International experts explore humanity’s role and responses in a time of environmental crisis.

The Australian Museum invites us to reflect on and learn about the environmental change surrounding us through their 2018 lecture series HumanNature. HumanNature: The Humanities in a Time of Environmental Crisis will investigate increasingly present crises such as climate change, mass species extinction, Indigenous dispossession, racism and the excesses of capitalism.

The lecture series will discuss the relationship between our human activity and its role in shaping the earth and its future possibilities.

“The Australian Museum, in partnership with UNSW Sydney, Macquarie University, The University of Sydney and Western Sydney University, has gathered some of the world’s best scholars working at the intersection of the humanities and science to explore the role that we can play in addressing some of the most pressing global challenges of our time,” says AM Director and CEO Kim McKay.

The series will draw on insights from history, literature, philosophy, anthropology and related disciplines to explore how the humanities can tackle our most imminent environmental changes.

AM Creative Producer Tanya Goldberg says the global impacts of environmental change and crisis can often feel distant from our daily lives. “HumanNature challenges that remoteness, showcasing not only the depth of expert knowledge that is tackling these problems but the breadth of its applications in how we understand the crises facing our world and their possible solutions.”

What: HumanNature: The Humanities in a Time of Environmental Crisis
When: Once a month from February to October 2018
Where: Australian Museum, 1 William Street, Sydney
Tickets: AM Members: $16 | General: $20 | Concession: $18.

Bookings recommended: australianmuseum.net.au/landing/human-nature/
Tickets at door subject to availability.

 

Lecture Series Programme

15 February
TIME: Radical Histories for Uncanny Times
Tom Griffiths, Professor of History,
Australian National University

AM Eureka Prize winner Tom Griffiths discusses the historian’s craft and its importance amid profound environmental and social change. Griffiths will explore how Australian understandings of the past have shaped our environmental possibilities.

 

8 March
EXTINCTION: Gifts of Life in the Shadow of Death
Deborah Bird Rose, Professor of Environmental Humanities, UNSW Sydney

Prize-winning author, Deborah Bird Rose investigates how gift-giving is central to life at a time of mass extinction.

 

23rd April
CLIMATE: Cultures of Climate
Mike Hulme, Professor of Human Geography,
University of Cambridge (UK)

Mike Hulme explores the ways climates are changed, blamed, feared and redesigned, amid the politics of climate change.

 

24 May
LIFE: Living Biological Objects on the Pedestal
Oron Catts, Director of SymboiticA, the Centre of Excellence in Biological Arts, The University of Western Australia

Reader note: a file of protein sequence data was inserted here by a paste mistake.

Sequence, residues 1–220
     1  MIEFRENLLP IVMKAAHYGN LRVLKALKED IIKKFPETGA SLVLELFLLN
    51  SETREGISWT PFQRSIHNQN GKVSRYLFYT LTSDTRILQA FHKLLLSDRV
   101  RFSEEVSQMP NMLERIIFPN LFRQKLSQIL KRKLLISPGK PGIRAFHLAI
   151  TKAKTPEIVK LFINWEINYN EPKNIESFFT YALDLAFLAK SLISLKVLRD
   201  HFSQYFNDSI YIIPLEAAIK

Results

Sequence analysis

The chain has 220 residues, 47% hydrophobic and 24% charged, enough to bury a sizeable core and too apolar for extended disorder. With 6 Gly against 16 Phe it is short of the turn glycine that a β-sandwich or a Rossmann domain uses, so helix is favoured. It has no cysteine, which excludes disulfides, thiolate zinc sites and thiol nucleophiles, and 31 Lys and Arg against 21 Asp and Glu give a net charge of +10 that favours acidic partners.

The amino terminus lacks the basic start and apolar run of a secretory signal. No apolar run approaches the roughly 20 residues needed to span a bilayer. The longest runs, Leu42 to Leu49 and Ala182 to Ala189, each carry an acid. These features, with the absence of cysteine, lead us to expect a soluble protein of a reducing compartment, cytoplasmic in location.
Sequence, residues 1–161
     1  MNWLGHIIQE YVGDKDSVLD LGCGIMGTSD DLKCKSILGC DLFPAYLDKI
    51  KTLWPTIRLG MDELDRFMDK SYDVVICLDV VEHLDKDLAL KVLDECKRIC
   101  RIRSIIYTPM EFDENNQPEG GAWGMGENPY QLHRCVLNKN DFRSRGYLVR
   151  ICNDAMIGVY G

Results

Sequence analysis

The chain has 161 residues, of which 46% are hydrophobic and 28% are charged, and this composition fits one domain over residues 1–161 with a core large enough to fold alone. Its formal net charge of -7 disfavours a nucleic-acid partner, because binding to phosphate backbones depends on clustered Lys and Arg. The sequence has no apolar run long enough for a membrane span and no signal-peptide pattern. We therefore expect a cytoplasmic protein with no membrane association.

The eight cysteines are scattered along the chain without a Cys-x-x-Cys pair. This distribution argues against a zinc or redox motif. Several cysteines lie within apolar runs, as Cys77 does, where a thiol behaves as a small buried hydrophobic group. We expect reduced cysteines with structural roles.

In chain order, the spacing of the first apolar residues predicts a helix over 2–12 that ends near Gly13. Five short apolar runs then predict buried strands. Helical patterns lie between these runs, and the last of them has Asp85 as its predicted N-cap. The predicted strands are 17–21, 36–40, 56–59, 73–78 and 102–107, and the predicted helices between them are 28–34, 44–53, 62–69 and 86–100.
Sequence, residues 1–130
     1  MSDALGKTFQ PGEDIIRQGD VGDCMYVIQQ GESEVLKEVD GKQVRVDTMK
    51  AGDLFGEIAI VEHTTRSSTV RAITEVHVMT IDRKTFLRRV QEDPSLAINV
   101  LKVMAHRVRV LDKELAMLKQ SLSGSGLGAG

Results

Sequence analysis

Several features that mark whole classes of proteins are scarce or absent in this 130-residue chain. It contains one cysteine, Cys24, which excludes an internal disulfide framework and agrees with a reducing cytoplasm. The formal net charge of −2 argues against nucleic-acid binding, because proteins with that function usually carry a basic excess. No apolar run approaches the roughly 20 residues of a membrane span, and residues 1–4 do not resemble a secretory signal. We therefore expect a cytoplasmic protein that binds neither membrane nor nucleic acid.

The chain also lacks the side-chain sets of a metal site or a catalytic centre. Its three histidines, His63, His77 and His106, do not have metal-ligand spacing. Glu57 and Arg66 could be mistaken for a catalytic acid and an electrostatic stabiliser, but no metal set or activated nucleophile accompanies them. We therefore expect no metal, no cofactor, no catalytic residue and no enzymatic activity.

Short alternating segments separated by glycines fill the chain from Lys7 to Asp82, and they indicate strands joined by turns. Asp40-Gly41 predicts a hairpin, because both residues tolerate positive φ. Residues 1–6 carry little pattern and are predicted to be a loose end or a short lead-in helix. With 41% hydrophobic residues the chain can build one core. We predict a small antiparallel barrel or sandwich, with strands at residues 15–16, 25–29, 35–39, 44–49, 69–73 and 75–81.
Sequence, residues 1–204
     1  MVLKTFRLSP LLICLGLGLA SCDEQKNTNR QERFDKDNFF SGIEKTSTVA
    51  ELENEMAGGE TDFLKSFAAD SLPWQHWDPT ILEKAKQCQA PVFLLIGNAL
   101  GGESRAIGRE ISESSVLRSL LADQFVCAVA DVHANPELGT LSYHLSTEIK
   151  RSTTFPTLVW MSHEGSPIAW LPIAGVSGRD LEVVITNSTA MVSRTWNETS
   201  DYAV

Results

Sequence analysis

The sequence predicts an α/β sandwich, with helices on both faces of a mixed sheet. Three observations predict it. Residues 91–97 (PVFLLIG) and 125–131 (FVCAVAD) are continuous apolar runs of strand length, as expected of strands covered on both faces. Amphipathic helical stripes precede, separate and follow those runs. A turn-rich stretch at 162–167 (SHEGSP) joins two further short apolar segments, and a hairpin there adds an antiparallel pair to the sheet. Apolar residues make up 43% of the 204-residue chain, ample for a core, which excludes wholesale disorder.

Biological arts pioneer Oron Catts explores the possibilities that emerge when art meets biology and asks: What is life?

 

14th June
GARDEN: Taupata, Taro, Roots, Earth: the (Indigenous) Politics of Gardening
Alice Te Punga Somerville, Associate Professor Maori and Indigenous Studies, University of Waikato (NZ)

Alice Te Punga Somerville explores the history of gardening and activism among Indigenous peoples in the Pacific region.

 

12th July
PLANT: Feminist Botany for the Age of Man
Catriona Sandilands, Professor of Environmental Studies, York University (Canada)

Join Catriona Sandilands on an adventure into the fascinating worlds of plants. Sandilands draws on diverse relationships between women and plants to outline a feminist botany that unsettles the “Anthropocene” as the centre of attention.

 

23rd August
KINSHIP: American Dreaming is Indigenous Elimination
Kim TallBear, Associate Professor of Native Studies, University of Alberta (Canada)

Kim TallBear considers the strange intersections between nature and the lives and deaths of Indigenous peoples in the United States. TallBear highlights how anti-racism movements are co-constituted with the doctrine of Indigenous elimination.

 

6th September
CAPITAL: Work, Cheap Nature, and the Violence of Real Abstraction
Jason W. Moore, Associate Professor of Sociology, Binghamton University (USA)

Join Jason Moore as he explores capitalism and the roots of today’s planetary crisis, arguing that both are grounded in a history of putting nature and people to work.

 

18 October
COUNTRY: Dark Emu by Bruce Pascoe

Award-winning author and Bunurong/Tasmanian Yuin man, Bruce Pascoe re-examines the notion of pre-colonial Aboriginal Australians as hunter-gatherers and retells Indigenous history, arguing that it is time to take a new look at the past.

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